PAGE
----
Sweet column: Clinton, Obama California targets. Independents banned from GOP primary can vote in Dem contest, giving Obama an edge.
LOS ANGELES — California is a sprawling political battleground and to make inroads in this diverse state in the last weekend before Tuesday’s primary here, the Obama and Clinton campaigns are targeting women, Hispanics, African Americans and young voters.
This afternoon Oprah Winfrey, Caroline Kennedy and Michelle Obama stump for Barack Obama at the University of California, Los Angeles, while Bill Clinton appears at four churches in black communities in the area this morning.
Winfrey joins Caroline Kennedy and Obama’s wife as Clinton’s campaign is depending on female voters here. Conversely, the former president is working turf that is fertile territory for Obama.
Obama’s campaign touted the endorsement of La Opinion, the nation’s largest Spanish-language paper on Saturday — the paper cited his support for driver’s licenses for illegal immigrants — while Hillary Clinton held a rally at the California State University-Los Angeles campus aimed at Hispanics.
Introduced by Sally Field, Brad Whitford (of “The West Wing”), basketball’s Magic Johnson and Los Angeles Mayor Antonio Villaraigosa, among others, Clinton invoked the names of Robert F. Kennedy and legendary farm union organizer Cesar Chavez. Meanwhile, the Obama campaign announced RFK’s widow, Ethel, was backing the Illinois senator.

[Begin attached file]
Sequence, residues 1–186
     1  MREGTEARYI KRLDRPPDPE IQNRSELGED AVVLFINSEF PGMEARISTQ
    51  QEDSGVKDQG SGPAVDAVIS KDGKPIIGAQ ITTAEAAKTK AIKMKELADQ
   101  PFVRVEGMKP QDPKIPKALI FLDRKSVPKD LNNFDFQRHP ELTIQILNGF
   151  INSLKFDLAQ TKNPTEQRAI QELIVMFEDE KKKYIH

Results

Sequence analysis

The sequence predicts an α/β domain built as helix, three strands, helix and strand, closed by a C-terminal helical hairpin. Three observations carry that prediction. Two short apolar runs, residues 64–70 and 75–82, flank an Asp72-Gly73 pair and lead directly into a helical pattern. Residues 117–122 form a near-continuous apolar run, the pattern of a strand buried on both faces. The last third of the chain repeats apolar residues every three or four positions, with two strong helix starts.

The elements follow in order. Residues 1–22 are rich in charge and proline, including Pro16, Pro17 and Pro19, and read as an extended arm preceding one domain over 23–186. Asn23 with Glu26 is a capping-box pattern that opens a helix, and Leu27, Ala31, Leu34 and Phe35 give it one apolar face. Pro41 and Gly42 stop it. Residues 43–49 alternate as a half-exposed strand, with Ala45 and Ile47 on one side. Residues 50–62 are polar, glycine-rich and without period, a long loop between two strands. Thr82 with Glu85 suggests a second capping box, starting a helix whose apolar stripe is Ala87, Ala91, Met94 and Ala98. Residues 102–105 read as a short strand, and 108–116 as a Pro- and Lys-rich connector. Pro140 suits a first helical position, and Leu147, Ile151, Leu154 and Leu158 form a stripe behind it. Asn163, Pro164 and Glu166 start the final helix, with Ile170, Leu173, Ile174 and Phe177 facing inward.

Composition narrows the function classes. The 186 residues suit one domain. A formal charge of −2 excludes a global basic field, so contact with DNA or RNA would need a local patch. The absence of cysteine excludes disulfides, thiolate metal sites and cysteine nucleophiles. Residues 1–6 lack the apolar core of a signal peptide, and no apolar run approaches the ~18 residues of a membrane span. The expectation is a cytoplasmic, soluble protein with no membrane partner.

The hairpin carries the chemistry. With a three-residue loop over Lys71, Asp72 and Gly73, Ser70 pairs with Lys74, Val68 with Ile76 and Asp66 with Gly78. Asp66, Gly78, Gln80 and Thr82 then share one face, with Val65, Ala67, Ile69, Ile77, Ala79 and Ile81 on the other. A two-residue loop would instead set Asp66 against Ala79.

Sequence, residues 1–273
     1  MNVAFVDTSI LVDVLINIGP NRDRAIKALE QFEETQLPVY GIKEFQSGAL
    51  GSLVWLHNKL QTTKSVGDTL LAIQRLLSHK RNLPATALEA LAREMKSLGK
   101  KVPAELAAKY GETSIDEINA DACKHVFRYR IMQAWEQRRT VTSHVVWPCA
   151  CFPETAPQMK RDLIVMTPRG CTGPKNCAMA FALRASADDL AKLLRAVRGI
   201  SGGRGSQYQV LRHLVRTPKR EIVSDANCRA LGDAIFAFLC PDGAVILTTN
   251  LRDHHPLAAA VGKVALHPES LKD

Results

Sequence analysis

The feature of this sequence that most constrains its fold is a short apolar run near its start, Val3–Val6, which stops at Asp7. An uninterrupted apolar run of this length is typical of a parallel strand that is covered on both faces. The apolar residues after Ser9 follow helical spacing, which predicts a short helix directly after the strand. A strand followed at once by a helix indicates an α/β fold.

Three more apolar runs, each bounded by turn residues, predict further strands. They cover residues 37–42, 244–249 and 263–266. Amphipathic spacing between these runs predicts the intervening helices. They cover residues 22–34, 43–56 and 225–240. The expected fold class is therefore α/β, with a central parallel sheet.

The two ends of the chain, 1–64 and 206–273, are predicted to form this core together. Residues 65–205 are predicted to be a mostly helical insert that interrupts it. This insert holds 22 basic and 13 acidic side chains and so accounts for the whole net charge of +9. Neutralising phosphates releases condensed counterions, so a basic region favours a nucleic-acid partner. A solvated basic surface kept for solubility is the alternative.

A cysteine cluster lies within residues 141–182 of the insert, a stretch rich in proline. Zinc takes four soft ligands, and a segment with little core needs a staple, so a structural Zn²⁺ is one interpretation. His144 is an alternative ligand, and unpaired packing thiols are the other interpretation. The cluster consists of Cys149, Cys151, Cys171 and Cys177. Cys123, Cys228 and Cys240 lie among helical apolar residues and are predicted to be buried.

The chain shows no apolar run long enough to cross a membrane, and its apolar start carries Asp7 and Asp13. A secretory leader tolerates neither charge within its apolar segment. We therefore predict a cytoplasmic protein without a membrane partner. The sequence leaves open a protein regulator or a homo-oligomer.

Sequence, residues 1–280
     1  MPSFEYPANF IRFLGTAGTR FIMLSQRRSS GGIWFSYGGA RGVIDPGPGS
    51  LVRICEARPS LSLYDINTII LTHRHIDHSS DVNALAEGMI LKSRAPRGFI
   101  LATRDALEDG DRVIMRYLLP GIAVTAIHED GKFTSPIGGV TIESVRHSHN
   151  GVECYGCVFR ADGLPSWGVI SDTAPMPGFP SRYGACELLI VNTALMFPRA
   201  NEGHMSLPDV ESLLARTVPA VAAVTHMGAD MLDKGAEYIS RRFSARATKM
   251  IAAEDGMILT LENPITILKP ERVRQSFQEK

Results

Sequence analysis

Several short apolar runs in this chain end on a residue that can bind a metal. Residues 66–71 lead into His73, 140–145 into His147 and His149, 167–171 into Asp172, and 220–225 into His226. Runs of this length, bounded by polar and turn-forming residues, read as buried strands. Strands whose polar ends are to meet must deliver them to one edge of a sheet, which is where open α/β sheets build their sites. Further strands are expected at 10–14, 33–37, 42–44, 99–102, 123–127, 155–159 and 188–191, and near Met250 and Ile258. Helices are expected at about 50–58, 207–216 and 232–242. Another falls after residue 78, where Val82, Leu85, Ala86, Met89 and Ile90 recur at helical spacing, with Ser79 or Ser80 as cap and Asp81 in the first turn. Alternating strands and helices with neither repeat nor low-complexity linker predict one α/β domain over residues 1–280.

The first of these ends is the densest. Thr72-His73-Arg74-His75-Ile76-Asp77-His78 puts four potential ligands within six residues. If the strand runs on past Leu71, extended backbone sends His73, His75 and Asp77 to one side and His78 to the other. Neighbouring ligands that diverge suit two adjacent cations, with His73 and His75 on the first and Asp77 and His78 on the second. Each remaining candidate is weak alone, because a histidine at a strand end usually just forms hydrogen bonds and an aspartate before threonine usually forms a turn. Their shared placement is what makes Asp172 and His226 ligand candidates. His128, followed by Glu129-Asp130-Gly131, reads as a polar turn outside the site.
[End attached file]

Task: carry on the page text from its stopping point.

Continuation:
Clinton sharpened a major thrust for her, differences with Obama over health insurance. “My opponent will not commit to universal health care,” she said to boos from the audience. “I do not believe we should nominate any Democrat who will not proudly stand here today, tomorrow, and the next day and say universal health care is the goal.”
At issue is Obama’s plan to drive down the cost of health insurance so more people will buy a policy; Clinton proposes mandating coverage.
The Golden State has 370 delegates up for grabs — the most of any state. Early balloting started Jan. 7 and almost half the anticipated ballots have been cast. Obama, who does better with independents, may have an edge here in that independents can vote in the Democratic primary on Tuesday while Republicans must be pre-registered.